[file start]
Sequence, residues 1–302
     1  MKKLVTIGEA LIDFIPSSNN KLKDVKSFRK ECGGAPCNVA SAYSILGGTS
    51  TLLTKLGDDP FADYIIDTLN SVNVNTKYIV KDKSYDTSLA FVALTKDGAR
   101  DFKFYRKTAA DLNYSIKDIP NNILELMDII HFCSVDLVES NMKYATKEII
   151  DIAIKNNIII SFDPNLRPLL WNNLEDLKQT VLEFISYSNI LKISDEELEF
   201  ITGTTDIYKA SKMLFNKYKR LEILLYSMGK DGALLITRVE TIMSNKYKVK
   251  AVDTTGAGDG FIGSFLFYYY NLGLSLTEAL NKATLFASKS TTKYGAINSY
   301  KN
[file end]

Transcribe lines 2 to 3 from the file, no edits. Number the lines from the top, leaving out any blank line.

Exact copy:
     1  MKKLVTIGEA LIDFIPSSNN KLKDVKSFRK ECGGAPCNVA SAYSILGGTS
    51  TLLTKLGDDP FADYIIDTLN SVNVNTKYIV KDKSYDTSLA FVALTKDGAR